Tongue and Groove Ceilings – Dripping, Leaking and Condensation


Tongue and groove ceilings – they’re beautiful, but like many beautiful things, they can be problematic.

(Photo shows a thermal scan of a ceiling where cold air is leaking in through the gaps – those are the black streaks down the photo)

Unfortunately, T&G ceilings have become the single most discussed items on Ted’s Energy Tips due to their overwhelming tendency to be associated with water, mold, or moisture problems.

Does your ceiling drip water?

I’ve probably heard this a hundred times – “Help! Water is leaking from my ceiling! We had a cold snap and now it’s a beautiful day and now it’s raining in my house!”
The caller/writer then tells me that the roofer came out to check for leaks and couldn’t find anything. If they took it a step further, someone pulled off some of the ceiling planks, saw the real problem (condensation) and told them that they need to ventilate the ceilings. If they’re unlucky, they spent thousands of dollars, added ventilation, and the water problems became worse!

Why do ceilings drip when there’s no leak?

Boil a pot of water with a lid on it. Wait a minute then lift the lid. What do you see? Lots of water on the underside of the lid. There’s no ‘leak’ but yet the lid is covered with water due to condensation forming on it. This is exactly what’s happening inside your ceiling.
Under the right conditions, when water vapor in the air comes in contact with a surface cooler than the air, the water vapor becomes liquid water. If this happens enough, the water builds up and forms large drop of water. Those get large enough and, PLOP!, it starts raining in your house!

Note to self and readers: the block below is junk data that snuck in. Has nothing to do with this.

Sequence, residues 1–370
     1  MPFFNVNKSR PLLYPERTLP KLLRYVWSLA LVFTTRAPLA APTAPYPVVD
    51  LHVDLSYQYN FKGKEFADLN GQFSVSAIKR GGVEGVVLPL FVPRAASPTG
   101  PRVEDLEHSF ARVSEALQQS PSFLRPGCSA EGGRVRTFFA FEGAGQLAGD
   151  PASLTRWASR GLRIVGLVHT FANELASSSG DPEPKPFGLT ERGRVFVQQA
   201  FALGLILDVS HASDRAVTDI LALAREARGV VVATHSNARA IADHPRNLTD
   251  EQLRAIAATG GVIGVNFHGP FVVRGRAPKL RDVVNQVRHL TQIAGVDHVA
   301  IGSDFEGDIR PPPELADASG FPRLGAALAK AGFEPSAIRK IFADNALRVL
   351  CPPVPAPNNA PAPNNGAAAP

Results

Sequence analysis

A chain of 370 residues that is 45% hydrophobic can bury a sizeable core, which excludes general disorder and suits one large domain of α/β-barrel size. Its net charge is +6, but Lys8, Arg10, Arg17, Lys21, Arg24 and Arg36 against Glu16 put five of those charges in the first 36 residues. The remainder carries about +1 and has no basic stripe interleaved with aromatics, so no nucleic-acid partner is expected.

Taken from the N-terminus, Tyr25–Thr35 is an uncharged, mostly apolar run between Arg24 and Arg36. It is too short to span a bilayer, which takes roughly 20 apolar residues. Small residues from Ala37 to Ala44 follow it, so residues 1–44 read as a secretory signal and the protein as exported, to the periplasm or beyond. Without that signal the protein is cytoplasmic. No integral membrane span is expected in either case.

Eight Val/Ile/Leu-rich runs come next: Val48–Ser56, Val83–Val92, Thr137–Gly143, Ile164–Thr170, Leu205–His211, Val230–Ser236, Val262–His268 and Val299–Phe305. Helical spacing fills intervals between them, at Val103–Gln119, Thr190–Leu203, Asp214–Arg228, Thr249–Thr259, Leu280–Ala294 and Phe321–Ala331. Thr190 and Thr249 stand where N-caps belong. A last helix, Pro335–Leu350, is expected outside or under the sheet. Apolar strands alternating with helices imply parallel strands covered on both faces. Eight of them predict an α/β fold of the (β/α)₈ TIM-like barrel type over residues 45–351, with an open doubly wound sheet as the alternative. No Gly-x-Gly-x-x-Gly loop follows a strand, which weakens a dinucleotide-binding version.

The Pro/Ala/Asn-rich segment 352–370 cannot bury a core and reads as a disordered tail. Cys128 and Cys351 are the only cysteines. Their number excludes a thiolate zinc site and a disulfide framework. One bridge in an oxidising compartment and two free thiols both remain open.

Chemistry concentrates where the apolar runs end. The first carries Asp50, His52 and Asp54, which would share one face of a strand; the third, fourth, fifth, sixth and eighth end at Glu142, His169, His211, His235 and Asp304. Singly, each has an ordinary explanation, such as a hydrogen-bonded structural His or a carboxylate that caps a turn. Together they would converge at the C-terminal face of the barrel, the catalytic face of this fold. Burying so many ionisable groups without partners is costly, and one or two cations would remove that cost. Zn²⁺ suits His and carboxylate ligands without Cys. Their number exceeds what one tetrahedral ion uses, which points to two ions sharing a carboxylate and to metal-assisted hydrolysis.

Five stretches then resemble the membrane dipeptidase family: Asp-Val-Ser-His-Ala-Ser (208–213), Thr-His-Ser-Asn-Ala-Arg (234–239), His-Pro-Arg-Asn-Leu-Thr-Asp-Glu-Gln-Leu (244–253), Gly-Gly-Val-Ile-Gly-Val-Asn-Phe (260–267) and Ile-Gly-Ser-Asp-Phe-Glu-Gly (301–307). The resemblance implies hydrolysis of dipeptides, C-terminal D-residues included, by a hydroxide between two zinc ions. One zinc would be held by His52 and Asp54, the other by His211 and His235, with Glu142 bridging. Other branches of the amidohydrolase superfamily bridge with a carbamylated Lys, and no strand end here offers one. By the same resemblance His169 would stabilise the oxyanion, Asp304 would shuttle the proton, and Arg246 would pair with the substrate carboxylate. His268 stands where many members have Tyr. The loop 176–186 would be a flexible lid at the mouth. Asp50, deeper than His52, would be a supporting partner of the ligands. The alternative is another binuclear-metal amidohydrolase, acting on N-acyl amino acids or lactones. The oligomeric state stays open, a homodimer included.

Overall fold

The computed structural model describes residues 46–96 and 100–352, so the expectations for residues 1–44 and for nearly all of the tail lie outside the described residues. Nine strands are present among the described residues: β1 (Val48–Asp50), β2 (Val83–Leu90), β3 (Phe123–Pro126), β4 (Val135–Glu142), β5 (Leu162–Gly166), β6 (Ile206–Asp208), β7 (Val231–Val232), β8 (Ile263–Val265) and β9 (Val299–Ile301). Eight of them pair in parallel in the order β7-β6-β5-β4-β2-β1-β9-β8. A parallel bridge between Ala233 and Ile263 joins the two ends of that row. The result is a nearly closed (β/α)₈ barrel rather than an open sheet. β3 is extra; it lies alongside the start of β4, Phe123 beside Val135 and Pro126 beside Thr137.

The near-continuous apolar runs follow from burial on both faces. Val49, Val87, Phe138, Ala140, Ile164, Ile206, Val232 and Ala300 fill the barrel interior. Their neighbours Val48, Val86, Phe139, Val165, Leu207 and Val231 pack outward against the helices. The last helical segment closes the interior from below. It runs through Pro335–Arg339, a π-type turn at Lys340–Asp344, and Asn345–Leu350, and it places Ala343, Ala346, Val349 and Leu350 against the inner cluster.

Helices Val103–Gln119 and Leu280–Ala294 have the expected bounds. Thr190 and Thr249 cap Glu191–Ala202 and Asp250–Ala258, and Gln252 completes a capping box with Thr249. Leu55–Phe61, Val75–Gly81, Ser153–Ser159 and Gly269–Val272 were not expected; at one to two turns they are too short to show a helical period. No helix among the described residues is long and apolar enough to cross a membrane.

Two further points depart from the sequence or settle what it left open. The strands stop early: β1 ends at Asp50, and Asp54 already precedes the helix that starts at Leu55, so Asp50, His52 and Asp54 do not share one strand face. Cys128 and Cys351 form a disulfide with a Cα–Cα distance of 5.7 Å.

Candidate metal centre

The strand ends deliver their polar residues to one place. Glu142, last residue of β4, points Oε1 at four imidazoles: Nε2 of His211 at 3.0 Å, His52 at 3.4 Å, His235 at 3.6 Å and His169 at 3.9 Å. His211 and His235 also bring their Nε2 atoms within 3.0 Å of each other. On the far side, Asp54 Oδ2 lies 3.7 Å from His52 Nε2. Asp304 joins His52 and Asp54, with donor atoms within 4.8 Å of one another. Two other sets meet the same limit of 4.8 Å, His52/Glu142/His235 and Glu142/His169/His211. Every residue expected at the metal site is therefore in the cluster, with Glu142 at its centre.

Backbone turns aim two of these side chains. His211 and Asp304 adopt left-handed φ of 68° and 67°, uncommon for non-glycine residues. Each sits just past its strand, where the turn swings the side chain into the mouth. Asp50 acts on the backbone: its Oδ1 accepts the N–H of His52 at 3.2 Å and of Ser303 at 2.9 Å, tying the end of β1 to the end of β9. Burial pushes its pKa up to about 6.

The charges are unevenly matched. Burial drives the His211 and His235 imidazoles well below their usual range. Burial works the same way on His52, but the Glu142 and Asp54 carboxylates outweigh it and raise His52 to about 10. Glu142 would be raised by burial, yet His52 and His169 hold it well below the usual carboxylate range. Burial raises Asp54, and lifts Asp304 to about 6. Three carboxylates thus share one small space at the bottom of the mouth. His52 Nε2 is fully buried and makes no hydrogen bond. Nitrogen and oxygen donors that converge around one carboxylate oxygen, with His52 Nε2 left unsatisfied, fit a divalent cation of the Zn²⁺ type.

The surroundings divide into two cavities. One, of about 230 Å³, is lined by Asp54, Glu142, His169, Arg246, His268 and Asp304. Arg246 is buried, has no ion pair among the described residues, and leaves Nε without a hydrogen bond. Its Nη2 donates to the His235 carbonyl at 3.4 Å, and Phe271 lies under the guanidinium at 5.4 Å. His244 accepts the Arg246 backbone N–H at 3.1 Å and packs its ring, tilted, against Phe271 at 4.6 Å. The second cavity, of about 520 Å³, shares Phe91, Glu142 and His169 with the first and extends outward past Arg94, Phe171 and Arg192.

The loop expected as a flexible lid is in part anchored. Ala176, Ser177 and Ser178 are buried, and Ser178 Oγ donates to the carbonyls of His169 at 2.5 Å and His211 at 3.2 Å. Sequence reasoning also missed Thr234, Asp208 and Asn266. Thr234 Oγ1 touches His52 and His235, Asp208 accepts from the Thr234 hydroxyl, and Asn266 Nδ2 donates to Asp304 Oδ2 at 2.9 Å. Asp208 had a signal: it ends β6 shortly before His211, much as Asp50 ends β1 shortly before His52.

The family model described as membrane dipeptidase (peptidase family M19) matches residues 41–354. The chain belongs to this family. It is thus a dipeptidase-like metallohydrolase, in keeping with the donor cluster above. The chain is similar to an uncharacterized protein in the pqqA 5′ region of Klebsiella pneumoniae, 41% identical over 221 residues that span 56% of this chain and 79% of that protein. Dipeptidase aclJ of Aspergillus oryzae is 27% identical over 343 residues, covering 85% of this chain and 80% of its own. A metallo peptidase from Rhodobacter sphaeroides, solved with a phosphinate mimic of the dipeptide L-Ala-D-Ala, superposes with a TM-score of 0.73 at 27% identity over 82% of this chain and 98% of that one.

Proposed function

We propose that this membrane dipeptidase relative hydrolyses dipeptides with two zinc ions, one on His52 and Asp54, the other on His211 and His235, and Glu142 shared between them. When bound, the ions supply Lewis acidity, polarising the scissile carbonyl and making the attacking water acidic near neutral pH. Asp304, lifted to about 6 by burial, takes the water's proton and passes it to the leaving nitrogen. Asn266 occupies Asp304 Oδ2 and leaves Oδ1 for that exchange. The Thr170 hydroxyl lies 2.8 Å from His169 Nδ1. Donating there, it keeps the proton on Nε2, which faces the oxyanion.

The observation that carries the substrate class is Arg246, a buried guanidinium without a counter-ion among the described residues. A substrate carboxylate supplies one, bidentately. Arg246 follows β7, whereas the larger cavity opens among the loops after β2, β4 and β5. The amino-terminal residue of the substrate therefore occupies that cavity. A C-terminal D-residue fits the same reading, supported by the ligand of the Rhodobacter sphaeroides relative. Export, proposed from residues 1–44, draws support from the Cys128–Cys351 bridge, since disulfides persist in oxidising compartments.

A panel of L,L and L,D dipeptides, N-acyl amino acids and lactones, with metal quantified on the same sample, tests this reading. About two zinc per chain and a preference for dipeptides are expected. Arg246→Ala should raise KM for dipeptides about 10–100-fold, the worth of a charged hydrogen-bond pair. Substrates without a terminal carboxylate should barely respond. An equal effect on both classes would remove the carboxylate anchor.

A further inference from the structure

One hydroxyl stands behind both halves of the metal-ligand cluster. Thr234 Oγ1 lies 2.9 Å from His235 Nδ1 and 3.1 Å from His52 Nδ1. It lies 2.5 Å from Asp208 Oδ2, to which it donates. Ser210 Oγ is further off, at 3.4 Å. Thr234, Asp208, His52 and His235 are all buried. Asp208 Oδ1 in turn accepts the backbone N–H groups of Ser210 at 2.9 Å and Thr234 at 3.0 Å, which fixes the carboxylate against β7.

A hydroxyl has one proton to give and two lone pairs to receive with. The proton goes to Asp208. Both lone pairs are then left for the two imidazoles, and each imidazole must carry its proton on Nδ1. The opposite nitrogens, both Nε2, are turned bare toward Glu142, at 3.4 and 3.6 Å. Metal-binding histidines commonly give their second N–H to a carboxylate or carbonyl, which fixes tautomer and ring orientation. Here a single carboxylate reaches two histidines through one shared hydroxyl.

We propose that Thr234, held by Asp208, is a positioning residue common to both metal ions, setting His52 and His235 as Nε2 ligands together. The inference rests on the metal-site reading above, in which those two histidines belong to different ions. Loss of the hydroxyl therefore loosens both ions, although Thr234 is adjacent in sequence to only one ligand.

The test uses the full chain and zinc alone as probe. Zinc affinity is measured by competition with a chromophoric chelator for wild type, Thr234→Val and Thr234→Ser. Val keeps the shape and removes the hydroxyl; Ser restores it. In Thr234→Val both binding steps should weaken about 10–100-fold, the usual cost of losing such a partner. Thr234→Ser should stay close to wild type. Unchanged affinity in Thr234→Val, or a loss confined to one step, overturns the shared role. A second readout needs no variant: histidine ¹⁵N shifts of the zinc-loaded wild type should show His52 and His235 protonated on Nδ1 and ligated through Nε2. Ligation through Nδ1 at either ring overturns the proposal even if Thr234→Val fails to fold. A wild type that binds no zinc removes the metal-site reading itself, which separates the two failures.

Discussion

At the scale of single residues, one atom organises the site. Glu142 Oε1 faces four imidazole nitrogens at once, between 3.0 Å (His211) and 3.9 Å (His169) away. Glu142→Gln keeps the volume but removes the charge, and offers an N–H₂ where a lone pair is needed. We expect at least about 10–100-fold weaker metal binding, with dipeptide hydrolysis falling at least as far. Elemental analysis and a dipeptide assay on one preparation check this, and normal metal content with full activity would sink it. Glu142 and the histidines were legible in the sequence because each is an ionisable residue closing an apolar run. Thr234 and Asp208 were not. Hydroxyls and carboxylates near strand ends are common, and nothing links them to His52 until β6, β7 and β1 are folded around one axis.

All too often, a T&G ceiling is constructed in a way that virtually guarantees water problems. The roof is installed over the rafters. Fiberglass is shoved between the rafters. T&G boards are nailed to the rafters. Bingo – you get mold, water “leaks”, and thousands of dollars of repairs which probably don’t even fix the problem.

Why don’t normal ceilings drip?

A typical ceiling is made of sheetrock or plaster, and all the seams are carefully filled in. That’s then painted, usually with several coats of paint.
While some tiny amount of water vapor can get through the paint and sheetrock, it’s a very small quantity. Small enough that, under normal conditions, natural air flow and moisture transfer removes the moisture that does get into the ceiling cavity above the sheetrock.

However, even these ceilings often have problems when holes are cut in them for recessed lights. This allows that air and moisture to move much more quickly into the ceiling where it can condense and lead to mold growth and wood rot.
The key fact – if air gets into your ceiling, even through small holes, it will carry water vapor with it which is very likely to lead to moisture problems.

Why are T&G ceilings so bad?

Water vapor is tiny. Really, really tiny. So tiny, that even the smallest crack is billions and billions of times larger than the water molecule. Tongue and groove ceilings may look ‘tight’ but to a water molecule, it’s like a wide open door! So that water vapor simply flows right up through those cracks and into the ceiling cavity above.

To Make matters worse, most ceilings are stuffed with fiberglass insulation, which doesn’t stop the water vapor at all. So the vapor keeps wafting up past the insulation until it reaches the underside of your roof. That roof deck is cold in the winter and on clear nights. When the vapor hits it, it condenses into liquid water. This is when the real problems start…

When it’s below freezing, the water freezes into ice. More water vapor enters, contacts the ice, and adds to the ice. Before you know it, the entire underside of the roof and anything else cold enough in the ceiling cavity, is covered with a layer of ice. This could go on for days, weeks or even months until the ice melts and it starts raining in your living room!

Even when it’s not below freezing, in most climates, it gets cold enough and there’s enough water vapor carried by the air for condensation to form inside the ceiling. The wood can absorb some of that moisture and slowly transfer it out. But with a T&G ceiling, the water supply inside the house is nearly infinite, so it keeps building up. Pretty soon, the wood is saturated and larger water droplets form. They’ll drip down, following gravity, until they find a place to leak out. That’s why the drips often form far away from where the condensation is actually occurring, which is often high up the ceiling.